During that time, though, a new mental pattern began to emerge. I started to ask myself questions. Somewhere in all that darkness, even though I didn't see myself as worthy of a different outcome, I knew that God couldn't be so cruel to two innocent children.

At one point I went to a psychotherapist for support in my struggle, but the support I gained turned out to be more spiritual than psychological. I asked the therapist what felt like silly questions: Do you believe in prayer? How come it never seems to work? For me at that time, prayer amounted to a glorified Christmas wish list, rather than an act that bought real help. But something was continuing to unfold in me as I asked questions. And it wasn't just these new questions. I was also mentally going back to even ask questions for which I thought I already knew the answers.

I'd never realized that there could be another way of looking at the world or life. Now, though, I had nothing to lose by asking the harder questions and being a little more open for new answers.

One day, I finally came to an incredible place of peace. Although I still wasn't sure that I knew who God was, I could feel this presence with me, and I somehow knew that my boys were going to be fine, whatever happened to me. I'd stopped outlining that the only way that things were going to be fine was if I was healed.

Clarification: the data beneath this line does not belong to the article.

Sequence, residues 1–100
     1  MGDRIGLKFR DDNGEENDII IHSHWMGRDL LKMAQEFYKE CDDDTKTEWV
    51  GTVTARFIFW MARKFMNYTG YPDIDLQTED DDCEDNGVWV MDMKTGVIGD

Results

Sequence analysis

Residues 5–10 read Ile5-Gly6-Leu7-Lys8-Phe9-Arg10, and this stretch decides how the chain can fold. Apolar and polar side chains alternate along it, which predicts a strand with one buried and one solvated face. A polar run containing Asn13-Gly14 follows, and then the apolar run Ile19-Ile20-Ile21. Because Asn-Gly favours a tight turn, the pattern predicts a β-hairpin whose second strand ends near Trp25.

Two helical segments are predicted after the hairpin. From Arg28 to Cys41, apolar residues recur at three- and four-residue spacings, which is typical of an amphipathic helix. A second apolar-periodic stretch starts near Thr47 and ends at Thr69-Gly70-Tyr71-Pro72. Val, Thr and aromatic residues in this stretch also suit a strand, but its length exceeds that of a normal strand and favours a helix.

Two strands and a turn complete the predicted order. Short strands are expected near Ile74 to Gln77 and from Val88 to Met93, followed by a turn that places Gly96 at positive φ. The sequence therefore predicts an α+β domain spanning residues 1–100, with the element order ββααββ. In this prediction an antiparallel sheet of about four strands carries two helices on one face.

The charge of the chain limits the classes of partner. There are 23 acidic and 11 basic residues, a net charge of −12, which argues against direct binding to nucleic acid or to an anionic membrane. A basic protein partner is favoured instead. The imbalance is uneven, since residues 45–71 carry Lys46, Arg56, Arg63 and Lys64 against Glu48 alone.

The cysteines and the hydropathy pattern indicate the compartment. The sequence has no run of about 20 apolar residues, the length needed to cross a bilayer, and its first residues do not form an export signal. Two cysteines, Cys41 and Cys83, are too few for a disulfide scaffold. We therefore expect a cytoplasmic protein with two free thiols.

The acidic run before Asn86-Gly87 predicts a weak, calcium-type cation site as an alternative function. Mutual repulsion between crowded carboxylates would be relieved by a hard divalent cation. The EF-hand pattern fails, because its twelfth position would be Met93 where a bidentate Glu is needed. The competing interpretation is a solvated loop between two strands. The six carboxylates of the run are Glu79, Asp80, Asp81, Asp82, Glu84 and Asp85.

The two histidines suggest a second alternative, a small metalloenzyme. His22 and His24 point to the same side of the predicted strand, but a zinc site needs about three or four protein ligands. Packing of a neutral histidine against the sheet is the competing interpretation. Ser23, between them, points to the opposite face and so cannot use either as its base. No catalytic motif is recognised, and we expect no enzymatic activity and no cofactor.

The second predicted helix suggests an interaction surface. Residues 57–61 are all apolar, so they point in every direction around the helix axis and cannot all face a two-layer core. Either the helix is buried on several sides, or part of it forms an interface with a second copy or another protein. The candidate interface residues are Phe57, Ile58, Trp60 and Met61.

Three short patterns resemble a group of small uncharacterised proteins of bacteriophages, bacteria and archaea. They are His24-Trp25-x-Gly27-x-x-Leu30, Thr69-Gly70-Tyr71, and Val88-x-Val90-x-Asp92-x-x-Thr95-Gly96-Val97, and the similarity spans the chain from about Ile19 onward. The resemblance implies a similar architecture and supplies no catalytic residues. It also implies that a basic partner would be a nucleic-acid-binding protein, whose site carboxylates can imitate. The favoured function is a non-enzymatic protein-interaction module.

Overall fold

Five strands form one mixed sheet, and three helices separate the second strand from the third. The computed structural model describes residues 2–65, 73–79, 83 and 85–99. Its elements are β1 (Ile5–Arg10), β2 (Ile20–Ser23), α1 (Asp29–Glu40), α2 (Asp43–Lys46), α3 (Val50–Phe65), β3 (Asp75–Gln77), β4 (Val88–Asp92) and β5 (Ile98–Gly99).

While it hadn't dawned on me yet that I was worthy of being healed, I felt this amazing peace and happiness in knowing that my boys were going to be fine. There was no logic to it yet, but that was to come in a big way. My happiness had a depth to it that made it real and undeniable. Those who know something about prayer as pure desire and gratitude will know what was happening to me. "Desire is prayer," wrote Mary Baker Eddy, "and no loss can occur from trusting God with our desires, that they may be moulded and exalted before they take form in words and in deeds" (Science and Health, p. 1). The mental darkness was being broken by what I now know to be the light of the Christ, God's message of wholeness. When your thoughts are changed by divine Truth, your body mirrors the improvement.

Following the doctors' request, I went in for MRIs every two weeks. I never spoke of it to the technicians and physicians, but I knew something was changing within me. I was spending my time trying to understand whether there was a God and just who He might be. And I had a lot of time on my hands.